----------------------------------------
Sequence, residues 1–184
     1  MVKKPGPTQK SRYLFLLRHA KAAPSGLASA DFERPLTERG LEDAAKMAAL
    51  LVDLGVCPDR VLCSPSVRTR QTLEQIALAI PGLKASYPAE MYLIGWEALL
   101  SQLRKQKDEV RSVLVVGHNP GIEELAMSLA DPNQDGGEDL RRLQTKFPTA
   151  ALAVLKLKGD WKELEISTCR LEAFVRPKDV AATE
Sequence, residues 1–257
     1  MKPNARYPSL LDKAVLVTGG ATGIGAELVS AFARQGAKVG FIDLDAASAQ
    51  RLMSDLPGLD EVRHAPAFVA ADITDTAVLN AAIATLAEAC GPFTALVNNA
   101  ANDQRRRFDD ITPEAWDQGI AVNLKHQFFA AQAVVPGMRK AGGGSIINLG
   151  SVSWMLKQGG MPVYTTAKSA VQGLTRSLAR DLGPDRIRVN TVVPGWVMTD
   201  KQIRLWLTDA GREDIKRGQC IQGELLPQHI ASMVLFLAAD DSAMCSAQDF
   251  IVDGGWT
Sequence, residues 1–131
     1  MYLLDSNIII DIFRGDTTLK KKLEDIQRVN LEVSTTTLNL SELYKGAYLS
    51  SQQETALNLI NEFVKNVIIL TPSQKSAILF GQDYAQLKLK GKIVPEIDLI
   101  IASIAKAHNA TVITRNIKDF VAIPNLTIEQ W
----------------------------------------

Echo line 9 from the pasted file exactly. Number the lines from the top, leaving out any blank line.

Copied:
   101  ANDQRRRFDD ITPEAWDQGI AVNLKHQFFA AQAVVPGMRK AGGGSIINLG